I was thinking this morning about Jesus as a τέκτων, a craftsman, and it occurred to me that the fact that Jesus was known (at least by Mark, 6.3) to have worked with his hands could have provided Paul with a useful argument in 1 Cor. 9. The background of that chapter appears to be that Paul has been criticized for earning a living and so not sponging off the Corinthians when he was on mission there. It seems that his apostolic credentials have been called into question, that apostles would be expected to earn their living by preaching the gospel, and that Paul and Barnabas are exceptions to this rule. I have always felt a bit sorry for Paul here, working hard with his hands in between his missionary activity, and then getting criticized for it. But what I began to wonder today was about one of the arguments that Paul did not use.
Paul could have said in this context, "Did not the Lord himself work with his hands? Was he not a craftsman?" Or something like that. This might have been quite a useful point for Paul in a context where he is up against the practice of the apostles, Cephas, even Jesus' own brothers (cf. 1 Cor. 9.5), and where there is apparently a command of the Lord (9.14) that these people are under, to the effect that evangelists should earn their living by evangelizing. So why does he not appeal to that precedent? What are the possibilities? Here are a few options:
(1) Paul did not know that Jesus was a craftsman. He had never thought to ask Peter, James or anyone else, and they had not volunteered the information.
(2) Jesus was not a craftsman; Mark 6.3 is not a reliable tradition.
(3) Paul knew the tradition but did not think to use it in this context, especially as he is up against the practice of those who actually knew Jesus, and who were quoting his words.
(4) Jesus was not (thought to have been) a craftsman during his active, itinerant mission. He began his mission in Capernaum, but he had only been a craftsman in Nazareth and its surrounds. If this was (thought to have been) the case, it would have been counter-productive for Paul to have brought up Jesus' job, because the natural answer would be: "Yes, and the Lord did not work with his hands when he was preaching the gospel, for he said 'Let the one who preaches the gospel get his living by the gospel.'"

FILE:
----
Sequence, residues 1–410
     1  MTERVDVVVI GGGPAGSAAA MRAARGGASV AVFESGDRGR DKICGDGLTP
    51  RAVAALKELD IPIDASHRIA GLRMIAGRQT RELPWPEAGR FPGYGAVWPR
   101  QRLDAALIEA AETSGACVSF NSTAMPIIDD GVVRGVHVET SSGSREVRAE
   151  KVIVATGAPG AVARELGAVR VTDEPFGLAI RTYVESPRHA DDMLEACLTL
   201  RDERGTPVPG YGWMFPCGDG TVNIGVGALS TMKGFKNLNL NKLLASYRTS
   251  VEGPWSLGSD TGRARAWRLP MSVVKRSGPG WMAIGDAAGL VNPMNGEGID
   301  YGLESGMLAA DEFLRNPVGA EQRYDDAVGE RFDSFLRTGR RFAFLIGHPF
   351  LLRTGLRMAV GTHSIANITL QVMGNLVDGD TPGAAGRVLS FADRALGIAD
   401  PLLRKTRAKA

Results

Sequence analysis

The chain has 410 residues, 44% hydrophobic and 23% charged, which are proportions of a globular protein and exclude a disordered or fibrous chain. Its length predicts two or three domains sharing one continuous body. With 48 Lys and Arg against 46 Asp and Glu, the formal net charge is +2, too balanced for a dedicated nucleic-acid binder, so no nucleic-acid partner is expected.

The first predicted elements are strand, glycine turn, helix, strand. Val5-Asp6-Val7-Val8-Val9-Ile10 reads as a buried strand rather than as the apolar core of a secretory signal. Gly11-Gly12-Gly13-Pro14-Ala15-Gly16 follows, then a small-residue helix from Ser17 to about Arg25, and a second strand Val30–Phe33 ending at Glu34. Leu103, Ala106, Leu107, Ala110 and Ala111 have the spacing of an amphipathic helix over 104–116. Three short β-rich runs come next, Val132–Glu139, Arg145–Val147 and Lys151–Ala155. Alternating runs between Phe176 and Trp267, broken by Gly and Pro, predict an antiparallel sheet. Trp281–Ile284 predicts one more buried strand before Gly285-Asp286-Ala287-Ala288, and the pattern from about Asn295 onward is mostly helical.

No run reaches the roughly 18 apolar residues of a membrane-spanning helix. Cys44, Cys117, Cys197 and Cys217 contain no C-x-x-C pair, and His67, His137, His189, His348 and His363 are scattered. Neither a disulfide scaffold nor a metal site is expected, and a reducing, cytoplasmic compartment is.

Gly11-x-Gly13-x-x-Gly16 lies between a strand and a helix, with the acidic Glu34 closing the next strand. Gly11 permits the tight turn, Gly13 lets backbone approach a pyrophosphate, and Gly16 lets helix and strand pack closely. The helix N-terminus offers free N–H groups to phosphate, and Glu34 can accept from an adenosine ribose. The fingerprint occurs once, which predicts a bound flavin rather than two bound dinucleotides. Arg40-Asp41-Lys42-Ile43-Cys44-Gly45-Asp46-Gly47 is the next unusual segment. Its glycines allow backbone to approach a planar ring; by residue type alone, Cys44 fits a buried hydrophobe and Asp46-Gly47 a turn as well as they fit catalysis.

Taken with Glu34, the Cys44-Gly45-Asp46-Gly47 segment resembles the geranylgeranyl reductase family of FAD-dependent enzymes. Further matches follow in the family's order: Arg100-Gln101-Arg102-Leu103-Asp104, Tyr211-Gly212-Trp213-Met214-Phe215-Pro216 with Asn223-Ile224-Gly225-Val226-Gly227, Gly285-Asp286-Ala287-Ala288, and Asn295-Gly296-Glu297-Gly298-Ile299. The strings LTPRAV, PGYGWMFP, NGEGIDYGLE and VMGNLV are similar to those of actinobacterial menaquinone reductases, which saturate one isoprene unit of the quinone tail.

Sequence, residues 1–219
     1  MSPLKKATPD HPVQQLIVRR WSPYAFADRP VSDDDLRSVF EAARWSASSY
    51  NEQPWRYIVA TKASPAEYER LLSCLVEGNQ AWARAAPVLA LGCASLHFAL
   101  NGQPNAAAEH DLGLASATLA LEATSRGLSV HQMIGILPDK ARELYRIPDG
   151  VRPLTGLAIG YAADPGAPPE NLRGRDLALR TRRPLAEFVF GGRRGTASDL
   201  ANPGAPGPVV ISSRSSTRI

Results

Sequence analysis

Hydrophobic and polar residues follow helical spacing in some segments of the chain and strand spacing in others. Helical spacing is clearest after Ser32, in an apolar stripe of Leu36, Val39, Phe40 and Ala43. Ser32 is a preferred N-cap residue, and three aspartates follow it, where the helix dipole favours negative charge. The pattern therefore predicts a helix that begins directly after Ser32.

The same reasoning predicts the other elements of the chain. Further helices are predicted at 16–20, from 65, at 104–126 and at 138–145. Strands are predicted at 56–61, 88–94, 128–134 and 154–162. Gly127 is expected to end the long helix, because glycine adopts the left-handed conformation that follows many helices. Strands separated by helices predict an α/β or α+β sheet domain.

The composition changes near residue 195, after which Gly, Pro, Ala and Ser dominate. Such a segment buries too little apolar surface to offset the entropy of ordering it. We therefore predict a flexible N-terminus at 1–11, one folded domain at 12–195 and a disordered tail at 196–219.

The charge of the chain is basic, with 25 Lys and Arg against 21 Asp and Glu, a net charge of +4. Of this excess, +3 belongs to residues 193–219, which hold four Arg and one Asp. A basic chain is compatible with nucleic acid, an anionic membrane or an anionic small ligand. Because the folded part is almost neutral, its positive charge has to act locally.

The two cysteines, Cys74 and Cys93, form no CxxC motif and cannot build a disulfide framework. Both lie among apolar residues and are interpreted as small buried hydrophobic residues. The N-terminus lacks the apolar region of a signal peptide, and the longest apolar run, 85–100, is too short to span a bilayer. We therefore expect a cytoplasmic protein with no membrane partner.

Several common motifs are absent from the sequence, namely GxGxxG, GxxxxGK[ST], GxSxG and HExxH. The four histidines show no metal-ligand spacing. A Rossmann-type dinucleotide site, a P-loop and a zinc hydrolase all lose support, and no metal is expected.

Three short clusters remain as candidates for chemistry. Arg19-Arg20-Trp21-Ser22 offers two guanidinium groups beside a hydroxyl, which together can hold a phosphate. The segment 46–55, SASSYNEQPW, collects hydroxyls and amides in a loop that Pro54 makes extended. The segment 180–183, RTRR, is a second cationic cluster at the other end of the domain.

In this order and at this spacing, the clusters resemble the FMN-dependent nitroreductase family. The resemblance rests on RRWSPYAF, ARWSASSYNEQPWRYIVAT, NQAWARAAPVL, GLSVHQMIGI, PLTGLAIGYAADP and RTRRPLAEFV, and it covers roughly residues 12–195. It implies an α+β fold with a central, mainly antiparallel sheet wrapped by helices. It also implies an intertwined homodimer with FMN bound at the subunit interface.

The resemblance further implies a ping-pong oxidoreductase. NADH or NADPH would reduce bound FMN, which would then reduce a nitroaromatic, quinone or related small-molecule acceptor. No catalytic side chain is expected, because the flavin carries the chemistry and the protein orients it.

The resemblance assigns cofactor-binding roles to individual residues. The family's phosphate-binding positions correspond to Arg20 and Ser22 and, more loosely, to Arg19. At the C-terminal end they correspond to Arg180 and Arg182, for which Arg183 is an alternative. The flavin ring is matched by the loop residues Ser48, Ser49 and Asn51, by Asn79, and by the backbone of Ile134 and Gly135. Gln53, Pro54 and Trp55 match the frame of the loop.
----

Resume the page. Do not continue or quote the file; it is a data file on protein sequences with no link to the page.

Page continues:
I think (3) is perhaps the most likely, but option (4) ought to be entertained too. The Mark 6.1-6 story, in which the reference occurs, assumes that Jesus' job was known to his audience in Nazareth. Was it perhaps associated with Jesus in Nazareth, and does Jesus' move to and activity in Capernaum coincide with his gospel-preaching activity, according to which he now lives off others? The tradition in Mark 3.21 and 31-5, where Jesus' family come to restrain him might then reflect a time when Jesus was no longer a craftsman at home in Nazareth, but now a charismatic on a mission, and they think he is mad, having left the family home and business.
Or perhaps not. Just a thought.
Incidentally, one of the things that got me thinking about this area was a post from a while ago by Michael Bird of Euangelion on Jesus the Stonemason, which discusses translations of Mark 6.3 and refers to an interesting recent article by Ken Campbell in a journal I don't think I've read before, I'm ashamed to say, called Journal of the Evangelical Theological Society, "What was Jesus' Occupation?", JETS 48.3 (2005): 501-20. The second half of the article is a rather uncritical lumping together of Synoptic data en masse in the search for the imagery used in Jesus' teaching (with no reference to the carefully sifted itinerary of imagery in Goulder's sadly underrated and underused Midrash and Lection in Matthew), but the first half was a clear and very useful working through the lexical evidence on the meaning of τέκτων in Greek literature, making it pretty clear that the term on its own without qualification should be translated something like "craftsman". "Carpenter" or "stone-mason" or "metal worker" would all be too specific.